Most news outlets won't show the photos. Martin Fletcher, writing for the London Times, says that not printing the photos lets the brutal Syrian army under the control of Syrian President Bashar al-Assad get away with the wickedness that they have perpetrated. He's right. Because of our delicate sensibilities, we conveniently ignore the gruesome reality of things we don't want to face. Because we cannot offend, we are blind to the injustice heaped upon the innocents of this world. We don't want to look. We don't want to know. We don't want to feel responsible.


I'm not supposed to be writing this tonight. No, in fact, I'm supposed to be praying right now. No kidding! My friends and I have embarked on a seven-month-long journey of purposeful living modeled after the journey documented in the recent book 7: An Experimental Mutiny Against Excess by Jen Hatmaker. We are working together to shed our reliance on consumerism, to streamline our lives, to cut away excess, all in order to better serve our King. This month, our focus is on reducing stress, and one of the ways we are supposed to reduce our stress is to purposefully pause for prayer 7 times each day [Please visit our blog about this journey to learn more]. The prayer I am supposed to be praying right now is the prayer at bedtime - the Great Silence. In the Latin Hours, it is the hour of compline. It is supposed to be a prayer of rest, of contemplation, of trusting God for His protection through the night. Interestingly, it is also the time to bring to Him your personal sorrow, and I confess I feel a great sorrow on behalf of these murdered women and children. My prayer tonight is being poured out in this blog, as I pour out my heart to you, as I share what little insight I have gleaned from this horror.


It occurs to me that we are the murderers. Our sin is ugly. It is brutal. It is vile. It disgusts our Lord. In Habakkuk 1:13 [weird little book, close to the end of the Old Testament], the prophet Habakkuk says about God: "Your eyes are too pure to approve evil, and you cannot look on wickedness with favor..." The amazing thing is, God didn't cling to His sensibilities. He didn't ignore our sinful condition because it disgusted Him. He didn't avert His eyes so He wouldn't have to look at our ugliness. Romans 5:8 makes this abundantly clear: "But God demonstrates His own love toward us, in that while we were yet sinners, Christ died for us." Did you get that? While we were still sinners! We were ugly! We were disgusting! I was repulsive - but Christ allowed Himself to be killed for me. He allowed Himself to be beaten, to be whipped, to be mocked, to be humiliated...all for me. Like the monsters in the service of  al-Assad, I killed the innocent, the noncombatant - Jesus. Like those men, I had no mercy. My sin was the sin that placed Him on the Cross, and my sin was the sin that held Him there. My sin...and yours.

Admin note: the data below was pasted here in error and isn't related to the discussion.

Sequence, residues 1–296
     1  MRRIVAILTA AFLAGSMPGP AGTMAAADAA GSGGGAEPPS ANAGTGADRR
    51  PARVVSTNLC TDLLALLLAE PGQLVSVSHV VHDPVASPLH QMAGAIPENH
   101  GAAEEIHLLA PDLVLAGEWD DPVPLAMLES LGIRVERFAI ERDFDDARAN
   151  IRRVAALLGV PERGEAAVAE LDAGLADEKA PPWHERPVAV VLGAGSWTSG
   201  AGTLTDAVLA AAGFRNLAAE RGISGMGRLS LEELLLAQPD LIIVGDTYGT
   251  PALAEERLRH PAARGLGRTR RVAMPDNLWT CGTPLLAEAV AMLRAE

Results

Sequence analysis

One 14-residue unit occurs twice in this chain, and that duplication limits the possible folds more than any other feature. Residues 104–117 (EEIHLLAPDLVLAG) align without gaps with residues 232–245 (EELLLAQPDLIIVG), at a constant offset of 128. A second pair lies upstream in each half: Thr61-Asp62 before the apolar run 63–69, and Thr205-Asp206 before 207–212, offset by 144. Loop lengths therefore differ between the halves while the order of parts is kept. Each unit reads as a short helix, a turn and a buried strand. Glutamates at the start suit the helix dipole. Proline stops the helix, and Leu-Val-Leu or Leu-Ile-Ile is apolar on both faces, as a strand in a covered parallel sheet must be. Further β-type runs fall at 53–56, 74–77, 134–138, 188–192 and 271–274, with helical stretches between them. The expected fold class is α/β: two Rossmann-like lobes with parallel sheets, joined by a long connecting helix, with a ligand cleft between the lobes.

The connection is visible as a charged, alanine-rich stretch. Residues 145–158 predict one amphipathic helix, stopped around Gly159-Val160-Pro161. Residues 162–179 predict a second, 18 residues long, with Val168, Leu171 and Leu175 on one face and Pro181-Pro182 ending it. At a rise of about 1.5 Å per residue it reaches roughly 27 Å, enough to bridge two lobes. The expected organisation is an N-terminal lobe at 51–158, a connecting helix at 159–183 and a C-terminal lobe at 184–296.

Many in this world don't want to look at that Sacrifice. It offends their sensibilities. Like al-Assad and his sycophants, they deny their connection to it. It has nothing to do with me, they say. I am not responsible, they say. I live a good life, they say. They are the U.N. observers, just one town over. A few short miles...and an unbelieving, unrepenting heart away. The U.N. observers wring their hands and decry the injustice, but they do nothing. The unbeliever wrings his hands and declares that he (or she) wants to believe, wants to follow, but they do nothing.


I choose to believe. I choose to acknowledge the ugliness, the brutality, the depravity that is my sin. I choose to see the Sacrifice wrought for me. I gratefully accept the gift of His all-encompassing grace that tells me that my involvement in the massacre is forgiven. I bow on my knees and cry to the Lord God that He protect me through the night...and that He break me of my complacency, of my disregard, of my ignorance of the evil in this world. His hands hold my sorrow tonight. It is a sorrow borne out of a deep sense of displacement. I want to be Home, where innocent children are not slaughtered in their sleep for the crime of being. I want to sit in my Father's lap, and have Him tell me there isn't going to be any more sorrow, that pain is gone forever. I want Him to wipe away my tears. 


For now, though, I will open my eyes to evil. I will acknowledge it. I will not let it escape punishment because my sensibilities are too delicate to bear it. I will add my voice to the cry that resounds throughout the world: I will not tolerate evil. I will no longer turn my head from pain. I will, instead, fight for the ones who can't fight, love the ones who don't love me back, speak for those who can't speak, and know that at the end of my day, I have done it all in His name for His children.


Cassie


All scripture quoted from the New American Standard Bible, (c) 1995 by The Lockman Foundation. 

15 May 2012

Miracles Do Happen, part 2

Warning: a graphic description of abortion is contained in this post. I do NOT recommend that children under the age of 13 read this.



They delivered our son at a few minutes before 1 a.m. on March 30, 2003. The moment I heard his cry, peace washed over my wounded spirit like a soothing river. It was if, at that moment, God swept me up in His arms and I knew - I KNEW - that everything would be alright.


As tiny as he was, they whisked him away to the NICU (Neonatal Intensive Care Unit), where he would spend the next three months, 2 weeks of his life. I was still a pretty sick mommy, so off I went to the ICU myself.